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Today's Headlines

Monday’s Headlines Can’t Quit Cars

Even as prices continue to rise, Americans just can't or won't stop buying new cars. And they're biking to work less, too.

  • Despite the fact that only a fifth of American workers make enough money to afford the payments on average new car costing $48,000 (Market Watch) — not to mention a strike, supply chain issues and high interest rates — new car sales are soaring (CNN).
  • The lack of safe infrastructure even in relatively bike-friendly places like New York City explains why the number of Americans who commute to work by bike is declining. (Jalopnik)
  • Another government shutdown that could affect transportation funding looms now that the House ousted Speaker Kevin McCarthy. (Fast Company)
  • Several cities and states are offering rebates or vouchers to help low-income people afford e-bikes. (Washington Post)
  • Sen. Robert Menendez's future wife killed a pedestrian while driving in 2018, which has become part of a corruption investigation into the New Jersey Democrat. (New York Times)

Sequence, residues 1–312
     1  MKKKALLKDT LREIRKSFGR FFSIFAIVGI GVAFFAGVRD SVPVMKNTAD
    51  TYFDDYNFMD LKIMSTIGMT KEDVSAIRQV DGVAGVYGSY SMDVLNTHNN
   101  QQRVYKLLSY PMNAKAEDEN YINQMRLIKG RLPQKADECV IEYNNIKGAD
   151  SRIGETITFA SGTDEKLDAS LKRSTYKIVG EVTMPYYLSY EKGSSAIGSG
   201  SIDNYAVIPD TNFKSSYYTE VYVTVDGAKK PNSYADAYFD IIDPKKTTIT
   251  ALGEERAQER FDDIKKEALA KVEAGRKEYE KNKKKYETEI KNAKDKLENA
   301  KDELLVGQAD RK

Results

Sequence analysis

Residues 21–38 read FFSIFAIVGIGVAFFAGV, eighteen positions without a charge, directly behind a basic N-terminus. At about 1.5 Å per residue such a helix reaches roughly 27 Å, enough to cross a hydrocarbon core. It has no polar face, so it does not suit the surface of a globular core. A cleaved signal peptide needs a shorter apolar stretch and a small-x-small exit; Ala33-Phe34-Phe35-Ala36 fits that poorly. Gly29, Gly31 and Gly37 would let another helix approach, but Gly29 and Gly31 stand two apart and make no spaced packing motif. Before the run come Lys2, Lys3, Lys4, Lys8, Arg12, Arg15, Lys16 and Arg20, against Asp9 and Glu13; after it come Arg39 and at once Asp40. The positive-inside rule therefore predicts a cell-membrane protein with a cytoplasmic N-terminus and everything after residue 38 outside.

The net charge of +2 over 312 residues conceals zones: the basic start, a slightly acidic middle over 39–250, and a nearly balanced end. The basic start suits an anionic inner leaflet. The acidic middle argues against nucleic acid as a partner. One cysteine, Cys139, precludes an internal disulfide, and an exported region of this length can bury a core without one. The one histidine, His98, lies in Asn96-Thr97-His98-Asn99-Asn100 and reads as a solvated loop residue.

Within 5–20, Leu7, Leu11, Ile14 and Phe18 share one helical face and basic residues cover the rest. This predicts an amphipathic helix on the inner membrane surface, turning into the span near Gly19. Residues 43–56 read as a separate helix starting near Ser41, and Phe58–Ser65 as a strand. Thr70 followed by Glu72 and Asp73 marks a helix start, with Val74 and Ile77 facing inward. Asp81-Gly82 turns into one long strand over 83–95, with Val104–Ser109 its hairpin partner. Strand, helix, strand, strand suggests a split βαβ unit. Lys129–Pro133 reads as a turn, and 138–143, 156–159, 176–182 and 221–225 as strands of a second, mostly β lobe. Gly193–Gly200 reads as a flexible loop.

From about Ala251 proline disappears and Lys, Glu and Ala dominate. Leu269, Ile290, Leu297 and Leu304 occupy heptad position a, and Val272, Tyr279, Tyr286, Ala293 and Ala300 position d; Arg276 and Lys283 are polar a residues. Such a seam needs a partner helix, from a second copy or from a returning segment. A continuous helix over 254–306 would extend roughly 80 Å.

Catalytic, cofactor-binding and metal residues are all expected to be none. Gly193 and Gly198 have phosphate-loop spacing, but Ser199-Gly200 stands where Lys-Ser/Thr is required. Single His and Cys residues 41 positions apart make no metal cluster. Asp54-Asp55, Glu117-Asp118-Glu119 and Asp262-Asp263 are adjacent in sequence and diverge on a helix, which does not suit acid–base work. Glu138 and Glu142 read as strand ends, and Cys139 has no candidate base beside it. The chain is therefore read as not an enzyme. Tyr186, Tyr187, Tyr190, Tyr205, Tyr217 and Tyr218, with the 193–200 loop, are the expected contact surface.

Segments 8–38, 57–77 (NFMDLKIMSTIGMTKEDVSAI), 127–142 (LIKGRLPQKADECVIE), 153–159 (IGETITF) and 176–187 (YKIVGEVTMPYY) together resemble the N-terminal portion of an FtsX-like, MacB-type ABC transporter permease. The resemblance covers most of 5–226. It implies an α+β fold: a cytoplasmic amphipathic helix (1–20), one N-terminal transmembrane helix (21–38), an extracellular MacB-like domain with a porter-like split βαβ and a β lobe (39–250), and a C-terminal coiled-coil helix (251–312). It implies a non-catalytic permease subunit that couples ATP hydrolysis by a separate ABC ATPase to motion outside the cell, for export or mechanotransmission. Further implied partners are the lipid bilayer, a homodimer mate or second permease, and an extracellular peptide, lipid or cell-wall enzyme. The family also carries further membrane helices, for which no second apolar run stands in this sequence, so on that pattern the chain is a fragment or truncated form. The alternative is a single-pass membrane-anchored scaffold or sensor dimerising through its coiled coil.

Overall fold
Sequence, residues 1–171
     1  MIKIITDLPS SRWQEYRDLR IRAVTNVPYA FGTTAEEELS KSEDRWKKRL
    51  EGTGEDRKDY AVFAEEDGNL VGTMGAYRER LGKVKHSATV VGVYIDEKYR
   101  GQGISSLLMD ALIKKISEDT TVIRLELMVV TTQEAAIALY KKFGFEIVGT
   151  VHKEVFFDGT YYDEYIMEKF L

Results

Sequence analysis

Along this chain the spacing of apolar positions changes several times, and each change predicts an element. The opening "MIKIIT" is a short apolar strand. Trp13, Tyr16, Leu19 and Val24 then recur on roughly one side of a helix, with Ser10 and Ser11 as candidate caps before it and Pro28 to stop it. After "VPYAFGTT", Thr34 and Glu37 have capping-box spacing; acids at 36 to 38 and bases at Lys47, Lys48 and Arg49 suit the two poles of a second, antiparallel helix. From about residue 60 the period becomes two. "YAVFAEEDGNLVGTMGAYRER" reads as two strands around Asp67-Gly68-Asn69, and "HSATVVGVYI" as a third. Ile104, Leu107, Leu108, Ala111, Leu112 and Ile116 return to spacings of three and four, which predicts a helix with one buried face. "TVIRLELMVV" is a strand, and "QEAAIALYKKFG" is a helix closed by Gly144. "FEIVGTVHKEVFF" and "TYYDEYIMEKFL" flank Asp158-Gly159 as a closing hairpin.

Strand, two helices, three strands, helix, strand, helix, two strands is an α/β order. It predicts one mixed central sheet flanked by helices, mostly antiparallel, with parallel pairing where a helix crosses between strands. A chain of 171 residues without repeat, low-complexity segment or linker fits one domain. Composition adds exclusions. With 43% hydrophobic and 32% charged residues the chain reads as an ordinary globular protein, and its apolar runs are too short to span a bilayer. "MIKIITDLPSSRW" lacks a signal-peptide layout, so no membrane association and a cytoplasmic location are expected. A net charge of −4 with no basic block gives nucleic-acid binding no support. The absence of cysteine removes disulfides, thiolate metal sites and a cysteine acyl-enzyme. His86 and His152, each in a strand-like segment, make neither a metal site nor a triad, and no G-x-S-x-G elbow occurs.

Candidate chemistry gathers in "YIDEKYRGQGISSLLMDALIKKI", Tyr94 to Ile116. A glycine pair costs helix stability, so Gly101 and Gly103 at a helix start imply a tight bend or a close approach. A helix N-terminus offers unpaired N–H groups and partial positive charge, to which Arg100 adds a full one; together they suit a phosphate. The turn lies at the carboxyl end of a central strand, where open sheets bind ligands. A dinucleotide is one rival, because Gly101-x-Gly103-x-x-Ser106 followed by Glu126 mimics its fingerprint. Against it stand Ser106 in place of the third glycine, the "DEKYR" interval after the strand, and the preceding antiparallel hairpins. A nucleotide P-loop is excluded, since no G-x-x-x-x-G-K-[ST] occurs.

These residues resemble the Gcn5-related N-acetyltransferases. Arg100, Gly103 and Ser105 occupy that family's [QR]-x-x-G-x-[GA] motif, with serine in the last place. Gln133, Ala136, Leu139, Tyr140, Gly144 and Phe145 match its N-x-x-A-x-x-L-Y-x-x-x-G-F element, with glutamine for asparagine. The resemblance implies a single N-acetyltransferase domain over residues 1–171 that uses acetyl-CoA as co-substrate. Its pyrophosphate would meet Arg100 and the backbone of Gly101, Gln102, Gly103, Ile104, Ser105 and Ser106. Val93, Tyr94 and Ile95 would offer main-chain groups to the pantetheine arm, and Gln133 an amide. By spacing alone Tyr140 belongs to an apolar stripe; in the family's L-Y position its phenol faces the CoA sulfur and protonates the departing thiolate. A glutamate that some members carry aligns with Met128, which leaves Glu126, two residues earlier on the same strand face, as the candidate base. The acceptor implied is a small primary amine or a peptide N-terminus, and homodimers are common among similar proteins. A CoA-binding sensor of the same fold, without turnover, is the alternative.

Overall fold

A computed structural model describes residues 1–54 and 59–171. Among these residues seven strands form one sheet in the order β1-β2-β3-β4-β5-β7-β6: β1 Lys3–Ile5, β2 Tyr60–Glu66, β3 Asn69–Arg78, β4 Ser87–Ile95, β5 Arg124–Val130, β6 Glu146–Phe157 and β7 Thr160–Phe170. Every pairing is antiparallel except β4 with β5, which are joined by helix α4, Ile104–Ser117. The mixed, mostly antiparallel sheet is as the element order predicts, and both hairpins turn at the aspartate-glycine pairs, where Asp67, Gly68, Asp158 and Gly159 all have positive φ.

• A Pennsylvania bill would boost Philadelphia transit agency SEPTA's share of sales tax revenue by $300 million a year. (Inquirer)
  • A central part of Charlotte's transit strategy is "mobility hubs," which are places where several different modes of transportation like bikes, trains and buses come together. (WFAE)
  • Cincinnati's streetcar has already broken last year's record for ridership. (WVXU)
  • An Atlanta Beltline engineer says transit along the walking and biking loop is essential for the city's growth. (11Alive)
  • After Government Street's road diet, the Baton Rouge Business Report offers some potential future targets for converting car lanes to space for biking and walking.
  • To discourage driving, Singapore has made buying a car more expensive than an average apartment. Even a modest vehicle like a Camry now requires a "certificate of entitlement" that will run you six figures. (Reuters)

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